Brexit Explained: UK Parliament votes to delay March 29 deadline

The British Legislators on 14 March 2019, voted to seek an extension of the March 29 deadline for Britain’s exit from the European Union, to negotiate a new withdrawal agreement. The motion was passed in the House of Commons with 412 votes in favor and 202 against.

The vote seeking a delay in Brexit follows a vote by the British Legislators on March 13, which rejected the possibility of the United Kingdom leaving the European Union without having a withdrawal agreement in place. British Prime Minister Theresa May had tabled a government motion against a no-deal Brexit within the March 29 deadline, which was passed by the House of Commons with a majority of 43 votes as 321 MPs voted in favor and 278 voted against.

The UK Parliament on 12 March 2019 had overwhelmingly rejected Prime Minister Theresa May’s Brexit deal for a second time, delivering a massive blow to her efforts to see the withdrawal agreement through before the planned withdrawal of Britain from the European on March 29.

Key new changes:-

1. The newly introduced changes were expected to overcome legislators’ qualms about a mechanism in the deal designed to keep an open border between Britain’s Northern Ireland and EU member Ireland.
2. The new documents added to the deal provided legally binding changes to the part relating to the Irish border. The legal 585-page withdrawal agreement itself though was left intact.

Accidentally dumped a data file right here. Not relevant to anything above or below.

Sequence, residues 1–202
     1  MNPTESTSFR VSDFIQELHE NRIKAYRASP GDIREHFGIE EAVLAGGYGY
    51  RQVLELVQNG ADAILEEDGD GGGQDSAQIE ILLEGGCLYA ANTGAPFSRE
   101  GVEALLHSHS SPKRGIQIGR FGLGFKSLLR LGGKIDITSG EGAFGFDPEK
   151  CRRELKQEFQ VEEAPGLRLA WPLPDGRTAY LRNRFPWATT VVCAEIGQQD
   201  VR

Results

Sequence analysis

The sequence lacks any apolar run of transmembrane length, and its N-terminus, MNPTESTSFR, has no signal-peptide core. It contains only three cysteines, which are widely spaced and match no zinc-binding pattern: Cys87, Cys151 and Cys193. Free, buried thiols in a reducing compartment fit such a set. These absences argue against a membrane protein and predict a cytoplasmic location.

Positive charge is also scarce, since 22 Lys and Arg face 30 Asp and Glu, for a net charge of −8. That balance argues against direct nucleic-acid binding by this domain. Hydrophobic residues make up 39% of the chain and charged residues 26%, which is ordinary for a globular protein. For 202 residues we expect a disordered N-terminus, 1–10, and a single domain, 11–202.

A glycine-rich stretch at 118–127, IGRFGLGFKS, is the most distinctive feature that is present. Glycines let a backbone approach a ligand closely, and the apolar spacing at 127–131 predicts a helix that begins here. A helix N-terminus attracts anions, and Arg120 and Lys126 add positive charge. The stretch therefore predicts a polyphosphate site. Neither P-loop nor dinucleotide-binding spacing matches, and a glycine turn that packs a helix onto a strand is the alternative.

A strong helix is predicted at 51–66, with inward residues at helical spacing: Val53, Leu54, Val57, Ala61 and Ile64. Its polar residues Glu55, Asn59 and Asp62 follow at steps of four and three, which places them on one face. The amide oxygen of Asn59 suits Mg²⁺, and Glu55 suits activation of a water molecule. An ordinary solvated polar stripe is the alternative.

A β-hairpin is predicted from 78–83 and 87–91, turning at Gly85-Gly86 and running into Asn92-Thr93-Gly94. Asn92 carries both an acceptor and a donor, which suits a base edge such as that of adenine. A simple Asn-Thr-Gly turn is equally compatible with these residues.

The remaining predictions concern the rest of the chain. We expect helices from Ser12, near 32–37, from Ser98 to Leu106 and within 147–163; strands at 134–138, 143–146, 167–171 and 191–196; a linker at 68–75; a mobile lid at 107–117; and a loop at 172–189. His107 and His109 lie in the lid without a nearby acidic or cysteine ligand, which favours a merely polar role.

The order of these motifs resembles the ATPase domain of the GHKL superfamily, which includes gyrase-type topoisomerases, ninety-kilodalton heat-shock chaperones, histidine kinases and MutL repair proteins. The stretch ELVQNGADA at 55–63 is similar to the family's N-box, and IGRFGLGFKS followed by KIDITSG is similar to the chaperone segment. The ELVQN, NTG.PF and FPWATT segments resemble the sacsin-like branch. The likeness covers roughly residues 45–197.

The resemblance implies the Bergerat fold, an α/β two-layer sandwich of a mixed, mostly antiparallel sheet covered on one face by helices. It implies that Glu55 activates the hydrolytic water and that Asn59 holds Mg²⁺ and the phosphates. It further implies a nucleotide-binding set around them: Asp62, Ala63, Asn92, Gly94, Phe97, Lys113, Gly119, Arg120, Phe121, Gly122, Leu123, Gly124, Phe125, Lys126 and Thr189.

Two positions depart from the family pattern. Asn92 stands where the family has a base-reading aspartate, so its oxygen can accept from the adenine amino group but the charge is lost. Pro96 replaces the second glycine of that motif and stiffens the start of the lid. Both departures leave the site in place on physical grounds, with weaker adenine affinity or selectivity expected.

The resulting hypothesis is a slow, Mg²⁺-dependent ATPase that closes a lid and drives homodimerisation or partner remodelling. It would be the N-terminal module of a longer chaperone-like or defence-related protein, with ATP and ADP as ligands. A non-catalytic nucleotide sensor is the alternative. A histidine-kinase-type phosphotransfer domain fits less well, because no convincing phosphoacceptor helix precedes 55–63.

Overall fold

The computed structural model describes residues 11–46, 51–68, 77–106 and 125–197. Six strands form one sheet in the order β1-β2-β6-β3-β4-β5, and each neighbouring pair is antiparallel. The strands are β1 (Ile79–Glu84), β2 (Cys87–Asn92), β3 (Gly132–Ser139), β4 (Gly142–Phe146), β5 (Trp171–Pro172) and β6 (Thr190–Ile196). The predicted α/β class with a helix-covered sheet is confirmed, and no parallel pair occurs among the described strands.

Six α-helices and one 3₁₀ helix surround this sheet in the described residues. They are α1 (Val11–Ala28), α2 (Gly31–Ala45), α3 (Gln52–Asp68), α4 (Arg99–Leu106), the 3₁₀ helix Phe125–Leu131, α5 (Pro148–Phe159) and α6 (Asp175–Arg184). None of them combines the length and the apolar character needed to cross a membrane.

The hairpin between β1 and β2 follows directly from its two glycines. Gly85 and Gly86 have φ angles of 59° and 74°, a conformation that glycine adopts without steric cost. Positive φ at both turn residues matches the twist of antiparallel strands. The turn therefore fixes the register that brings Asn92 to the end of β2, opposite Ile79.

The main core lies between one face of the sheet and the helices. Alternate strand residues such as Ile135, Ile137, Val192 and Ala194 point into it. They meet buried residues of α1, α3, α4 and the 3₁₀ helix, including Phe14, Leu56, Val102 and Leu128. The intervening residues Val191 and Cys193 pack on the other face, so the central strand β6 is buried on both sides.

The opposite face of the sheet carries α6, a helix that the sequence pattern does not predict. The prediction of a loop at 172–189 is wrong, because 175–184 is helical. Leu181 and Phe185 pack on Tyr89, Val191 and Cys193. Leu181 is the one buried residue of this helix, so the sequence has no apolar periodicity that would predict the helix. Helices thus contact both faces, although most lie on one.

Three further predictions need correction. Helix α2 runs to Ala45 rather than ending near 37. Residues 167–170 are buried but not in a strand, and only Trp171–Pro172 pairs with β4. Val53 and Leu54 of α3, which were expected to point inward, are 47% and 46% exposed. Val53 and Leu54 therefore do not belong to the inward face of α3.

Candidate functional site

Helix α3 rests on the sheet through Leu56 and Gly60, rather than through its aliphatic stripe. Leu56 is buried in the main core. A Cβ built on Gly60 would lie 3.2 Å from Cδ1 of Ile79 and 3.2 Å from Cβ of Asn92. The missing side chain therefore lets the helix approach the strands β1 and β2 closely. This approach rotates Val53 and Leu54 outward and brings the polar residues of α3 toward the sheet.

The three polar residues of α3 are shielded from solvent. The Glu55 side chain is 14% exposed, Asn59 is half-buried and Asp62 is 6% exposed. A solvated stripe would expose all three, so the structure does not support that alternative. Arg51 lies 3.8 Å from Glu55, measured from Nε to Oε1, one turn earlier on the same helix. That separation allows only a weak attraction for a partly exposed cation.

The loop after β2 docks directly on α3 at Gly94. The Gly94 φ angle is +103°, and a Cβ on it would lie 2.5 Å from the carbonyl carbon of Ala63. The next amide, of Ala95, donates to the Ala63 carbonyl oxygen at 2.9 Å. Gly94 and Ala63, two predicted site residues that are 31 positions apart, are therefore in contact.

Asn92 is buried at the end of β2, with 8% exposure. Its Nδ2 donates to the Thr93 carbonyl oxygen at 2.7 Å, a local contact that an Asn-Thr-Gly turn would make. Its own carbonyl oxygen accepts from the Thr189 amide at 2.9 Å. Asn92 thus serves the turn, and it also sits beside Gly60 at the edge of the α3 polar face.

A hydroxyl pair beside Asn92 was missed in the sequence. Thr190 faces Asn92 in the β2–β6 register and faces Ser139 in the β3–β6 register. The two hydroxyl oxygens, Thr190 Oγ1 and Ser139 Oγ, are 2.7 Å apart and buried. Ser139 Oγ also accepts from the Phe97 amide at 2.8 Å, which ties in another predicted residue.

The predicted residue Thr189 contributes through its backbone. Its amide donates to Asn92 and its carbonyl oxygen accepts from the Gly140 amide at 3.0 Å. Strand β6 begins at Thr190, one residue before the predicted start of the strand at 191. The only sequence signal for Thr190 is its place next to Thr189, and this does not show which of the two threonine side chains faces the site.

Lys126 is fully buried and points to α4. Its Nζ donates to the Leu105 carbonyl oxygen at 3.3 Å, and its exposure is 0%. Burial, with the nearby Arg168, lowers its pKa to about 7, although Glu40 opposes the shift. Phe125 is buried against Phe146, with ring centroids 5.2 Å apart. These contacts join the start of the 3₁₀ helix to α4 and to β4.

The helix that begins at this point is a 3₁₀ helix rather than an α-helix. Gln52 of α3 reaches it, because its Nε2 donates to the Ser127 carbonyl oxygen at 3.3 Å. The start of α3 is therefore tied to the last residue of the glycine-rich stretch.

3. The mechanism, known as the backstop, is a safeguard that would keep the UK in a customs union with the EU until a permanent new trading relationship is in place.
4. However, May stated that the new changes guarantee that EU cannot act with the intent of applying the backstop indefinitely.
5. According to Brexit-supporters, the backstop could be used to bind the country to EU regulations indefinitely. Hence, they are demanding for a unilateral British exit mechanism from the backstop.

The United Kingdom is set to leave the European Union on March 29, 2019, two years after the Brexit referendum in June 2016 that triggered Article 50, the exit clause in the EU’s constitution and kick-started arduous negotiations with European leaders over a divorce deal.

The British Government has, however, not yet been able to win parliamentary approval for its agreement with the European Union on withdrawal terms and future relations. The deadlock has raised fears of a chaotic “no-deal” Brexit that could result in a major economic crisis and disruption for businesses and people both in Britain and the remaining twenty-seven EU nations.

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